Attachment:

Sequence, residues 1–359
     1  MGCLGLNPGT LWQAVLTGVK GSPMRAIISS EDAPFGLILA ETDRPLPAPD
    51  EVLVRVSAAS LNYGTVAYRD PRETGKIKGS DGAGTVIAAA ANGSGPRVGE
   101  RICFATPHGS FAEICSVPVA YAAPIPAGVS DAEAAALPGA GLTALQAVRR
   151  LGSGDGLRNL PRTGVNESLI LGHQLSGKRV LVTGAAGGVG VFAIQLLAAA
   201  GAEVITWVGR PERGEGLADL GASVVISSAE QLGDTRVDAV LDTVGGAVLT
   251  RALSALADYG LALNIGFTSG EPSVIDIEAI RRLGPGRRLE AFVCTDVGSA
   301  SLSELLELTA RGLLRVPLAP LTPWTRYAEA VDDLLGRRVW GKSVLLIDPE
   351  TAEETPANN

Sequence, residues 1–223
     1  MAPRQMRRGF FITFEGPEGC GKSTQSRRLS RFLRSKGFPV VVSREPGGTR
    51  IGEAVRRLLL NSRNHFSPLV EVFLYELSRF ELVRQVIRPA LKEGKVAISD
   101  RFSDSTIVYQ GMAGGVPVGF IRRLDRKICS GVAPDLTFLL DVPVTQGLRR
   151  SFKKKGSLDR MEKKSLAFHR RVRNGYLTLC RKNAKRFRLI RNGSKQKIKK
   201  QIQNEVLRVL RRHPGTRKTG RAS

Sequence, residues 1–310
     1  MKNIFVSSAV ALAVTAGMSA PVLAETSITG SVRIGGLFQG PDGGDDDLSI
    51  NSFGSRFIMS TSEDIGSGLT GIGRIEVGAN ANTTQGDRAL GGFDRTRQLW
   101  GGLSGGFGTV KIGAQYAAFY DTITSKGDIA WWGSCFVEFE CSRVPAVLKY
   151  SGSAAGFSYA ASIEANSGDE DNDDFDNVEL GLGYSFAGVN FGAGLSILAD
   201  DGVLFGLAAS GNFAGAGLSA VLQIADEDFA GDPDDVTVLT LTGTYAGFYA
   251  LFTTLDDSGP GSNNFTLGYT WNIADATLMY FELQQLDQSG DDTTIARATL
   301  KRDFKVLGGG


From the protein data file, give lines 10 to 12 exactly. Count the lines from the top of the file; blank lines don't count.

Sequence, residues 1–223
     1  MAPRQMRRGF FITFEGPEGC GKSTQSRRLS RFLRSKGFPV VVSREPGGTR
    51  IGEAVRRLLL NSRNHFSPLV EVFLYELSRF ELVRQVIRPA LKEGKVAISD